“Once you have that level of computing you also have this massive infrastructure for collaboration and sharing,” he said.

“So it all of a sudden doesn’t matter if your designer is living in Bundaberg, Queensland and your manufacturing plant is in Sydney, you want to be able to know that you have easy collaboration across all aspects of your design process, certainly, and then your manufacturing process.

“So that’s what really the cloud delivers. It serves the hardware and technology that people haven’t had before.”

Increased collaboration and more effective, quicker innovation is behind CAD rival SolidWorks’ Mechanical Conceptual product, which was announced at SolidWorks World 2013 and is currently in trials.

Collaboration and social sharing on a private cloud are to be features of Mechanical Conceptual when it is released.

Being connected at many different levels throughout the innovation process are what customers have demanded, SolidWorks has said.

“And one of those things is collaboration in the design process or engineering process and that can be internal collaboration, with stakeholders in their business or supply chain,” Shane Preston, CEO of Solidtec Solutions, a SolidWorks re-seller in Australia and New Zealand, told Manufacturers’ Monthly.

“Some of those are also early in the process encouraging collaboration to try and harvest great ideas and use those as a basis for innovation.”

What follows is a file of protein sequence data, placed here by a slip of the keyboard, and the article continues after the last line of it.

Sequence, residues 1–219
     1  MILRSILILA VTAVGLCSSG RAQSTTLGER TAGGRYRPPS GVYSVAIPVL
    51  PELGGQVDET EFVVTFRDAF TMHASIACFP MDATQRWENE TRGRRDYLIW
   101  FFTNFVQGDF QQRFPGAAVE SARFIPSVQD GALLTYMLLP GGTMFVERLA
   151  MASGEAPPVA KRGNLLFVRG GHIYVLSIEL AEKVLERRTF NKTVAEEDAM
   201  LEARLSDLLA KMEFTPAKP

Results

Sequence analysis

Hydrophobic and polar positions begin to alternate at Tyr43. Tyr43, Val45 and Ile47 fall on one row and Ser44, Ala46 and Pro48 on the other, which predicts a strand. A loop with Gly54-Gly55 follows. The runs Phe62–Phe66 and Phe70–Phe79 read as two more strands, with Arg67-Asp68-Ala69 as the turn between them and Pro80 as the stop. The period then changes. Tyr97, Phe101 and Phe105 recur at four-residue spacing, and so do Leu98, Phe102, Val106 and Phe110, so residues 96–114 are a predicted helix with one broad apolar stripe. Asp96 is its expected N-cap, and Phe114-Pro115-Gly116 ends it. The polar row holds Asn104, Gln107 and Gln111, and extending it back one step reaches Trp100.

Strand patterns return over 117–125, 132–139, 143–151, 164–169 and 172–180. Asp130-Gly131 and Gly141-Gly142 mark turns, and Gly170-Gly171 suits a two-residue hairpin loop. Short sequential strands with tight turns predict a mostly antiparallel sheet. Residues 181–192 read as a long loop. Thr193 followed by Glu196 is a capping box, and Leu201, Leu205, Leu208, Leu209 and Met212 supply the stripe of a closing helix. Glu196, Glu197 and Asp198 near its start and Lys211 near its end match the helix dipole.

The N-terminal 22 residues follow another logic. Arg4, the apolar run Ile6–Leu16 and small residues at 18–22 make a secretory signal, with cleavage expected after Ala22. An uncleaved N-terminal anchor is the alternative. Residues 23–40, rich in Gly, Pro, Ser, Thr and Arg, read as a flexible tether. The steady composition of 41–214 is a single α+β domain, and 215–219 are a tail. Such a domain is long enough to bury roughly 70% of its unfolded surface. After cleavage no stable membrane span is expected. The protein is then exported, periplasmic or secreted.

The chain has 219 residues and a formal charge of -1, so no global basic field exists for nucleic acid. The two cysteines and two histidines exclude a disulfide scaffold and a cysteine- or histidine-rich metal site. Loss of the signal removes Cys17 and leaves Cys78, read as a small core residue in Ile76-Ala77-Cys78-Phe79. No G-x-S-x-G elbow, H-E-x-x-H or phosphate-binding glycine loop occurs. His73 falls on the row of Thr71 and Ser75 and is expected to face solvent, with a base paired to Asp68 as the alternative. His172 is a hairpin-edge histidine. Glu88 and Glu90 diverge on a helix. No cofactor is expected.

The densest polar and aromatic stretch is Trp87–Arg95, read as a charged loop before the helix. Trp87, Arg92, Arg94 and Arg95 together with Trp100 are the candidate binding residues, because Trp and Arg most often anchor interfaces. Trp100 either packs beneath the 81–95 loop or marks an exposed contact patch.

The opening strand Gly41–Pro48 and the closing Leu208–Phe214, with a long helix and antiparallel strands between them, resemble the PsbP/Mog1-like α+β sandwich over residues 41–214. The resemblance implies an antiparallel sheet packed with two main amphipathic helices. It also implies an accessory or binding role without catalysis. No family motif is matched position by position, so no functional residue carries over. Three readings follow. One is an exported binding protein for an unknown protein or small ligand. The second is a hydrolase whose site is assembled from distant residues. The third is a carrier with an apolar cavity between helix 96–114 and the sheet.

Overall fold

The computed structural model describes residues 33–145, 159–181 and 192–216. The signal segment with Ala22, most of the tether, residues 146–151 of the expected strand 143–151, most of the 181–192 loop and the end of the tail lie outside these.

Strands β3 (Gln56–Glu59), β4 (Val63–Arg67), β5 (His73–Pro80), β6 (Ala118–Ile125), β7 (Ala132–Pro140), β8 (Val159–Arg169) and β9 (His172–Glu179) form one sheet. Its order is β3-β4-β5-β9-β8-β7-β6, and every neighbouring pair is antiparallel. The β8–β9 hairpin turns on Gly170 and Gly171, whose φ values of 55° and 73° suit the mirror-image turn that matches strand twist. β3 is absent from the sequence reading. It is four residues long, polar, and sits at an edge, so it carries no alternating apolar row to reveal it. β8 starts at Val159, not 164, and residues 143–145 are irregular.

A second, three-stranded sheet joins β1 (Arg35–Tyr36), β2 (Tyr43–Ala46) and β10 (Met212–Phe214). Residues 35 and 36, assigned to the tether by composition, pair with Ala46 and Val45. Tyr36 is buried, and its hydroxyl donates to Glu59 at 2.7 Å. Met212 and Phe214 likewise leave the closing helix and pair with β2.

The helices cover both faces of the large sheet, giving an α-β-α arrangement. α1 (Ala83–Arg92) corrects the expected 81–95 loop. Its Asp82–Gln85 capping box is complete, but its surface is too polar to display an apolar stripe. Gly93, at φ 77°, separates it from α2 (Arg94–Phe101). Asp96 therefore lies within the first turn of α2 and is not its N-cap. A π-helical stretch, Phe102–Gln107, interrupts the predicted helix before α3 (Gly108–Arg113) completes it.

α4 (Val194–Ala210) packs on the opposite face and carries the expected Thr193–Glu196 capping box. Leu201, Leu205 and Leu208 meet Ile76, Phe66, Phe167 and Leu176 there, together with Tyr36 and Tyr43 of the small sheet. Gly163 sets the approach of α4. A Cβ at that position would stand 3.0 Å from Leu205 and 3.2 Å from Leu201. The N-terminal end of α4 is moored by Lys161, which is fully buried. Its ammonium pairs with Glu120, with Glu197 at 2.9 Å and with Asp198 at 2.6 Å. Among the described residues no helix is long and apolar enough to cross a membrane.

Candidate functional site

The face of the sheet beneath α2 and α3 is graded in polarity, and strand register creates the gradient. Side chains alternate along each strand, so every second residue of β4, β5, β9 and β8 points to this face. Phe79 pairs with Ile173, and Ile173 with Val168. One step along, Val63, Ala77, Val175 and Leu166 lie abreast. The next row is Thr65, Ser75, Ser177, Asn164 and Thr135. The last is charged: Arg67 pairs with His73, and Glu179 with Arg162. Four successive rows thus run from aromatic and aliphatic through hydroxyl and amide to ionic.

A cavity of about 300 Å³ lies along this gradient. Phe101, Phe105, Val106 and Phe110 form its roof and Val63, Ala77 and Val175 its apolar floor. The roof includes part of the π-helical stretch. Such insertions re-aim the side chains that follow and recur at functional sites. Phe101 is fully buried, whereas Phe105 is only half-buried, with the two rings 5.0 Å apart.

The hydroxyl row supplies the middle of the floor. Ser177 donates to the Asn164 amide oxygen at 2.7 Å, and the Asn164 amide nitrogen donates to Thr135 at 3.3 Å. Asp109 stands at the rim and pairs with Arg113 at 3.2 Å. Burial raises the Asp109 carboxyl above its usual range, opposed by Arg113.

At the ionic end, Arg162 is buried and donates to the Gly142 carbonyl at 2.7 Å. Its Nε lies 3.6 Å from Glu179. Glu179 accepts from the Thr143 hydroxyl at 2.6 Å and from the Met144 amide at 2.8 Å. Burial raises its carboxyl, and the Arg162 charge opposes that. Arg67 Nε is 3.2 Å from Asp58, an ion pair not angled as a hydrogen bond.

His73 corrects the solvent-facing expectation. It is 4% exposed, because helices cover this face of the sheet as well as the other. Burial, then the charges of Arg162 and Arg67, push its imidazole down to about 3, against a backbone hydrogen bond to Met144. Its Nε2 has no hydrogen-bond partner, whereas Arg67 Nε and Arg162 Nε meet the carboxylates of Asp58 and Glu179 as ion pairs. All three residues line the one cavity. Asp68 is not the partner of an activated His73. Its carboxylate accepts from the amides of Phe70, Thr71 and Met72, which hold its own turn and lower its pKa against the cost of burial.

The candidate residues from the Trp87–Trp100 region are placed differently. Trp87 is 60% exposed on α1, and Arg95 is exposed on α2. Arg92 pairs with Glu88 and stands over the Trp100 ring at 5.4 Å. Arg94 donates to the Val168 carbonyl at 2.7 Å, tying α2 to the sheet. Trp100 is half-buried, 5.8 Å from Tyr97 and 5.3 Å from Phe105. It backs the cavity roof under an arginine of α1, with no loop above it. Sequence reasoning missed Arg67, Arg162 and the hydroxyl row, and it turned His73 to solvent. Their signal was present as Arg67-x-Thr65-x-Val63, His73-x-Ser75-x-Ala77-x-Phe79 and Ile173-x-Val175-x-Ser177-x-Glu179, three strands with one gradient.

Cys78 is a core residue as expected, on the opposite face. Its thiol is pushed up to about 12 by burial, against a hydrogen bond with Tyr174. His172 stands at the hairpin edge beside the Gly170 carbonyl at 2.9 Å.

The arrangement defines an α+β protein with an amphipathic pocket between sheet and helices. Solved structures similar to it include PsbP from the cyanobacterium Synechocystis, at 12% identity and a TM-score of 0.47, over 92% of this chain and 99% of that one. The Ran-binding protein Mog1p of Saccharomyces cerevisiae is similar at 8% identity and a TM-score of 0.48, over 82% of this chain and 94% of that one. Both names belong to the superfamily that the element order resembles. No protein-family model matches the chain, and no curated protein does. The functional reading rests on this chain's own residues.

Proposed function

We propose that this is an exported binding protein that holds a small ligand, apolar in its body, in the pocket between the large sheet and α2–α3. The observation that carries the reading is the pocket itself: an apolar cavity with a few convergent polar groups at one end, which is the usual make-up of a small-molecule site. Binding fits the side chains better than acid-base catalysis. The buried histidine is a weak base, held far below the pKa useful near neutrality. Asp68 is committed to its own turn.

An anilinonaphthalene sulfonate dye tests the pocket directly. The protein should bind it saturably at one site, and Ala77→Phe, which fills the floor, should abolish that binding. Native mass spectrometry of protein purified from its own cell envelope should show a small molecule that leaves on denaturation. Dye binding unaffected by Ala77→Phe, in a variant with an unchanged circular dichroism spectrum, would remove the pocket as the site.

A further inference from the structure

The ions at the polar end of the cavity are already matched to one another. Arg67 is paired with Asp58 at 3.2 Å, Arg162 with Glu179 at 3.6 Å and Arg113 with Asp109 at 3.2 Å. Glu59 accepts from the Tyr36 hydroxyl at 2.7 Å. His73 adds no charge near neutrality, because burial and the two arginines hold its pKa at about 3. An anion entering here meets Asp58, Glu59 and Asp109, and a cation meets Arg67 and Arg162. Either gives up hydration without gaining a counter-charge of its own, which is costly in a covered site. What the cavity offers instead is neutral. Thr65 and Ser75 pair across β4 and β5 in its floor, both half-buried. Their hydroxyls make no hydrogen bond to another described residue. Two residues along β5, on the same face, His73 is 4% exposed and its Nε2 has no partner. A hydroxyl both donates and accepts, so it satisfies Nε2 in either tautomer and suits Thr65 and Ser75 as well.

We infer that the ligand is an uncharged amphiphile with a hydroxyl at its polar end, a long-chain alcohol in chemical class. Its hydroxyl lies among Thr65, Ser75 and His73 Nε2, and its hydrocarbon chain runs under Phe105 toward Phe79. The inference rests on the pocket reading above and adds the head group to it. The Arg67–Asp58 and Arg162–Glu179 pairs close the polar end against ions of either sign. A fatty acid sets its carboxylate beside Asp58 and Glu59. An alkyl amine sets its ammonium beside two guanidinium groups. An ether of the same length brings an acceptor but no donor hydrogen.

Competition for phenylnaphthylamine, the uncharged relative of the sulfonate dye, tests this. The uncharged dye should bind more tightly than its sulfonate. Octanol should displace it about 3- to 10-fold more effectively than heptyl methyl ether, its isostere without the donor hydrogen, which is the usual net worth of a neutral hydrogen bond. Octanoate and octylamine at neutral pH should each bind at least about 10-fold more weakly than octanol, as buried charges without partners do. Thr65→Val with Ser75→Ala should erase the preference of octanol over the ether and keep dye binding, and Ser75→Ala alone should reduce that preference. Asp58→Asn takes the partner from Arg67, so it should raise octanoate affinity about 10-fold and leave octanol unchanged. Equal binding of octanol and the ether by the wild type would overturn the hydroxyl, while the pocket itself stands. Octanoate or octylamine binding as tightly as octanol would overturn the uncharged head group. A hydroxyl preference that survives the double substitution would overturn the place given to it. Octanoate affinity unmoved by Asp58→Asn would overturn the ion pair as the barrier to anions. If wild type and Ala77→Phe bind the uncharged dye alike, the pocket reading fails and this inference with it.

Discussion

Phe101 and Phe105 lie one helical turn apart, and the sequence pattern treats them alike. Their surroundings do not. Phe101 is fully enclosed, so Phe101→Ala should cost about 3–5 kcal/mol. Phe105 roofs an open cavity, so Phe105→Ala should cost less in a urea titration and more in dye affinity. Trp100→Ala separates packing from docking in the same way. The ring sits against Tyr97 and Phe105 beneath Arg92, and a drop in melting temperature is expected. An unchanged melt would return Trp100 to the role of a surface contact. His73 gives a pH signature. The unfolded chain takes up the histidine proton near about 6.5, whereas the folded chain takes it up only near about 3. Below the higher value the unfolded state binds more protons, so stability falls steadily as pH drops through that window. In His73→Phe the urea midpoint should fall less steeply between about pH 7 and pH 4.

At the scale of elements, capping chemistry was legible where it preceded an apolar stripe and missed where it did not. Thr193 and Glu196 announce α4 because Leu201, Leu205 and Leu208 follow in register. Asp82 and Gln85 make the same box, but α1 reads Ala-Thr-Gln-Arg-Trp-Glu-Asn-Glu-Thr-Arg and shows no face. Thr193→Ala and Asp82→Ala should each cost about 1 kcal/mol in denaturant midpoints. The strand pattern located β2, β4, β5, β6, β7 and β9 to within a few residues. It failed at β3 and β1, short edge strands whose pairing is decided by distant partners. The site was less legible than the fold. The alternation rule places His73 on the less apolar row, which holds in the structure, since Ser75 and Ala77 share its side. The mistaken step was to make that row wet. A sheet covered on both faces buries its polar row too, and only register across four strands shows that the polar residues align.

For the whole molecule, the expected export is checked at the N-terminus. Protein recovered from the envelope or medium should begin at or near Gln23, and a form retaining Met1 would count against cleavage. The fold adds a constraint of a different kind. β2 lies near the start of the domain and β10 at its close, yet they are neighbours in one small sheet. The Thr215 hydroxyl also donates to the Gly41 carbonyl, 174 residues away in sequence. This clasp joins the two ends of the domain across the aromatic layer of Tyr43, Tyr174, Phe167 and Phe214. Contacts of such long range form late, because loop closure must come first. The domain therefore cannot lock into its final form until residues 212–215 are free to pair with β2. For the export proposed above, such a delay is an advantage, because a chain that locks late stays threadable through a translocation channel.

“I think [parent company] Dassault and SolidWorks are now saying our customers are looking for increased collaboration and the culture’s becoming more and more online and more and more in-tune with social media. So we’re looking to bring those two together to create a company that has an increased ability to compete.”

Preston said he didn’t see cloud CAD replacing desktop products, at least not in the near-term, and they could exist side by side. A desktop solution makes sense to clients who aren’t “power users,” reasoned Preston.

For users with highly complex needs, they might feel the need to progress to a cloud-based system, he said. Smaller users didn’t always need a lot of computing strength.

“A desktop application makes a lot of sense to them; they don’t have large overheads in terms of maintaining or administering desktop-based software.”

And there are those who have security concerns around IT as a service. Goepfert pointed out that certain manufacturers would never in a million years consider a cloud-based ERP system, and there wasn’t a one-size-fits all consideration.

“For example we have a customer that is creating banknotes and sim cards and for these guys, there’s no way they will go in the cloud, ever,” he said.

“We have another customer, Nike, and for them they decided to go cloud, no questions asked. Why is that? Because they wanted to implement new outlets, very rapidly, because they are planning to grow tremendously over the next few years.

“They don’t want to buy equipment, hardware, they just want to enable it in at the most an hour. And between these two extremes you have a complete variety of needs. People that don’t want to buy the hardware but want to own the software.”